“We had 15 MRIs this year,” said Banghart. “We only had two players that dressed for every practice this year, our two captains. It was just that kind of year. We very rarely had 10 in uniform for practice. So this year it’s resilience, it’s gritty, it’s also the power of seniors. The seniors were unwilling to give in. Back when we were 1-7, they were panicking. Not because of themselves, but they were panicking because the program was in their hands, and it wasn’t at the standard. They just showed you can will your group a long way as seniors and they did that.”

It was the case again when matched against Kentucky, a team that relies on defensive pressure and depth to wear opponents down. The Tigers came out strongest – one year after a slow start doomed them to a 77-57 loss to Maryland in the NCAA tournament.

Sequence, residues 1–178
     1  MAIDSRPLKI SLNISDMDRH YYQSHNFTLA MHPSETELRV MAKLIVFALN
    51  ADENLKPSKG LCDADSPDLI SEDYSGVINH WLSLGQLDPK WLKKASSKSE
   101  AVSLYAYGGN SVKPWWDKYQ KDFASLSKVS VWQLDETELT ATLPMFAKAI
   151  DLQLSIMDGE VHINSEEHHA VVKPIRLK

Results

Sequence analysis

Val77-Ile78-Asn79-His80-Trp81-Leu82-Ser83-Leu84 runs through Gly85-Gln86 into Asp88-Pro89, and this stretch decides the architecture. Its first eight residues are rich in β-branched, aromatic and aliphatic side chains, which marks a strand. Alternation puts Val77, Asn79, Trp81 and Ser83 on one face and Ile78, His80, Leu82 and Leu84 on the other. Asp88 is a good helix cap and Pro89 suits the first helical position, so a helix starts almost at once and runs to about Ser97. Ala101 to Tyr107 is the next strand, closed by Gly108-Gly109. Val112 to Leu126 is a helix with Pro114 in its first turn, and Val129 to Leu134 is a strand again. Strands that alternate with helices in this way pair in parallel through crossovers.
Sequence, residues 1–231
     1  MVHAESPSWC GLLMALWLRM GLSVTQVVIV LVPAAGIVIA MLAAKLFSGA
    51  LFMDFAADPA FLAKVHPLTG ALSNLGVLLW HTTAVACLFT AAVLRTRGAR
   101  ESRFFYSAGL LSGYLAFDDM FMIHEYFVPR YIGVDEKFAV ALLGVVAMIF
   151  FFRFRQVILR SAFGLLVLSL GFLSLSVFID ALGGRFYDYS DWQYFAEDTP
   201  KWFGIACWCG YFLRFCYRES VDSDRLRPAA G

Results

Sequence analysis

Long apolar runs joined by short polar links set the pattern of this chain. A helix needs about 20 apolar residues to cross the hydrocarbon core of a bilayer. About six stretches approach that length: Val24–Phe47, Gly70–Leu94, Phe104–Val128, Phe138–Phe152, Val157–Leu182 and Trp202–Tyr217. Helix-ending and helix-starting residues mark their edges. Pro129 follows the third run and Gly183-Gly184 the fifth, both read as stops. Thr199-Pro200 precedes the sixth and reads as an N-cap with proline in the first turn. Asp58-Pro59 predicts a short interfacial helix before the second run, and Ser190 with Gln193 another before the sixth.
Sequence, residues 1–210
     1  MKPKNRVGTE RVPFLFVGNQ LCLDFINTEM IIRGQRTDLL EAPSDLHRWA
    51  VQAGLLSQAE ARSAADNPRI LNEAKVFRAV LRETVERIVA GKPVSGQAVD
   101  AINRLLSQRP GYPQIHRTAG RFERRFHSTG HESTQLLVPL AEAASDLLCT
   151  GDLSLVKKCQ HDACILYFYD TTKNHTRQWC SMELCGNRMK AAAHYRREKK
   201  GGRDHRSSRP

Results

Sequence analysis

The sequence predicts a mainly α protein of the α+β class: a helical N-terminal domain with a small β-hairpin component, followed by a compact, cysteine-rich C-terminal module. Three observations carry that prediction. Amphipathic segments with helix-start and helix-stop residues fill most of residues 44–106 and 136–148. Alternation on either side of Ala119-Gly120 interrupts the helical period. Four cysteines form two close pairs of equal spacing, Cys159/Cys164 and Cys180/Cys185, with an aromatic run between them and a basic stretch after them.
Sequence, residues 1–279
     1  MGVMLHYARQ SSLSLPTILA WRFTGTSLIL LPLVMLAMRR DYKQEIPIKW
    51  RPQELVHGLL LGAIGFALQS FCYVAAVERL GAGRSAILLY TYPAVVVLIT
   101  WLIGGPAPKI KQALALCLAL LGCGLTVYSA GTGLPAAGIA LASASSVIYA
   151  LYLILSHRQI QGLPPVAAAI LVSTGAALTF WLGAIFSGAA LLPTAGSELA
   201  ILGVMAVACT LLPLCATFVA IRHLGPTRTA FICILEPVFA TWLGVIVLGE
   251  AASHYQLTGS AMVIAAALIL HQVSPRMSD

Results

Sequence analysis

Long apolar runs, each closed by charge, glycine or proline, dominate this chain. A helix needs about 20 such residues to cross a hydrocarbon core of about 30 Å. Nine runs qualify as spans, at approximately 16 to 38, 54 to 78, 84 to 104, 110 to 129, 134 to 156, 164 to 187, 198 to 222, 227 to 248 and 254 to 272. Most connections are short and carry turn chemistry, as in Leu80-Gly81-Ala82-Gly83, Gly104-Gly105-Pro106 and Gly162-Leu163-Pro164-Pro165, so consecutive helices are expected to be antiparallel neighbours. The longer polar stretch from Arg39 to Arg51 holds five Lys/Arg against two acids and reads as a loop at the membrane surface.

“We played Maryland last year, and we were a lot younger but we felt like we never really sunk our teeth into the game,” said Banghart.

“I thought that (Kentucky) game could have gone either way, and the growth therefore that our kids had from a year ago was incredible. They paid a lot of attention to Bella and she found her teammates in a really elite way. The girls stuck to our game plan. And our staff came up with a great game plan, we executed it, and we almost won. Possession games can go either way. The fact that this didn’t go ours is something we’re disappointed with, but we don’t have regret. That’s the key in life’s big moments – that you don’t have regrets.”

Rush hit a 3-pointer with 8:22 left in the second quarter for a 27-18 Princeton lead. Rush finished with 6 3-pointers to become the program’s single-season 3-pointers made record holder with 96.